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An Open Letter to F1 Fans

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On: Fri, Nov 15, 2013 at 2:08PM | By: Nick Bakewell

An Open Letter to F1 Fans

I want to discuss sportsmanship; not among sportsmen themselves, but among the fans.  Colloquially, this is also known as “being a decent human being”. Sebastian Vettel has just achieved the remarkable feat of winning the Formula One world championship four times in a row; which puts him in a very exclusive club. So exclusive, in fact, that he numbers among just three others, all of whom firmly sit in the pantheon of All Time Greats. You can’t be the best in the world at something four years straight and not be one of the most highly regarded in your field. Or so it should be.

Alas, then, that your typical F1 fan is so fickle. I admit, I’m guilty of this as well: I’ve spewed my fair share of Vettel-hate. He’s done enough to deserve it, the pass on Mark Webber in Malaysia earlier this year, his fits of poutiness and petulance, that stupid finger. But one thing you cannot fault him for is winning. He wins because, yes, he has the best car, but also because he’s the best driver on the grid. Hamilton may be faster over a single lap, Alonso may be craftier, but given all the factors, the confluence of circumstances and regulations that make up this (and the preceding three) seasons, Vettel is the best at F1 the way it is now. Just as Schumacher was the best a few years ago, and Senna was the best in the late 80’s/early 90’s. There’s no comparing any of them because the sport was so fundamentally different in all those different periods. Well, there’s one, and look at it: Schumacher was on the grid with Vettel, and he lost, badly.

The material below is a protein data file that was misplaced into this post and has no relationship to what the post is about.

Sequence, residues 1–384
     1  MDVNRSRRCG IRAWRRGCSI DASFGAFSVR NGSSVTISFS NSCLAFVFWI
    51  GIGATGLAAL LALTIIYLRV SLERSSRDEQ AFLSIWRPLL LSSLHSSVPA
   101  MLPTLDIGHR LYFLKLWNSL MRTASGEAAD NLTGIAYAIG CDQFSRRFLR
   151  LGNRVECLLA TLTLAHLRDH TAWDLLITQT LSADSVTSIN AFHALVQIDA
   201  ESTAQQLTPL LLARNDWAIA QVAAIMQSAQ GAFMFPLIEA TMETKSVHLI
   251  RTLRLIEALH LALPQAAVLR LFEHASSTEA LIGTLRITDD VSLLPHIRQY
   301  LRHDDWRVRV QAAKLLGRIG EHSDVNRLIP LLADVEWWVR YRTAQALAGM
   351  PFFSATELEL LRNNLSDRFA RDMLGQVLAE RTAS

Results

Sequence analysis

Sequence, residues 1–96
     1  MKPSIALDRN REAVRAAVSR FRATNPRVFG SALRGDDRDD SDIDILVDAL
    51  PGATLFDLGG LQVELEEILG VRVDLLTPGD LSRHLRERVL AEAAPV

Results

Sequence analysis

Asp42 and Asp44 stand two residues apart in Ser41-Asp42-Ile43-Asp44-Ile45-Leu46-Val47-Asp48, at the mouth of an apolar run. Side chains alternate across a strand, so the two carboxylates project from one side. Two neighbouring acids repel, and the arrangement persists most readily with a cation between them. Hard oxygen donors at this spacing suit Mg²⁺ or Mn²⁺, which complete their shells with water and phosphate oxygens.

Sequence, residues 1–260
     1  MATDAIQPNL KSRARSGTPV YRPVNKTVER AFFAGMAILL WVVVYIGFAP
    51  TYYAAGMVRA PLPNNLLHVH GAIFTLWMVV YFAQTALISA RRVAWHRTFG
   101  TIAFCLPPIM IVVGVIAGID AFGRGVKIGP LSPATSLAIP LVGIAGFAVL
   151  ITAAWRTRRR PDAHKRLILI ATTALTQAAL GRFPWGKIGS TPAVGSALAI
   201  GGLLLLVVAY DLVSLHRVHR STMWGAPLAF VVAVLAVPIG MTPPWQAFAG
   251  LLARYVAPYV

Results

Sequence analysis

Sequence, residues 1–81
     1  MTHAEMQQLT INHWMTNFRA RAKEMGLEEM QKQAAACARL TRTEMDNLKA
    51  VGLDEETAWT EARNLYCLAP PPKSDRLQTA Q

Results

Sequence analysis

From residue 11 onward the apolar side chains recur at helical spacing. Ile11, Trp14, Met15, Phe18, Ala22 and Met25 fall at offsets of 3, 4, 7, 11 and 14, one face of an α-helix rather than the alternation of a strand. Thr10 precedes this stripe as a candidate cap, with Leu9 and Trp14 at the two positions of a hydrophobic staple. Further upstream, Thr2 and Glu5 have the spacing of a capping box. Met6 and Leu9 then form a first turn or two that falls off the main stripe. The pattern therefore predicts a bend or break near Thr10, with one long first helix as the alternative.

So it’s because of this that I can’t abide the way people are expressing their feelings towards his continued dominance. It’s one thing to grumble, to moan that the sport is boring, to whine that your favorite team isn’t winning, to feel the gut-slug of disappointment at seeing the McLarens fail to make it out of Q2 again. But it’s not okay to boo Vettel when he stands on the podium. That’s never okay. There is neither logos nor ethos in disliking someone for being good at something, and it’s even worse to condemn someone for being the best at something. He’s worked harder than you ever have to get where he is, and he keeps working that hard every day to stay there.

I’m not defending him as a person; I have no idea what he’s like, personally. People say he’s polite and has a good sense of humor. He sounds like a nice guy. But that’s not the point: the point is that if someone booed at you every time you did something you were proud of, how would you feel?

Knock it off, guys. The sport has enough problems already without the fans making it worse.


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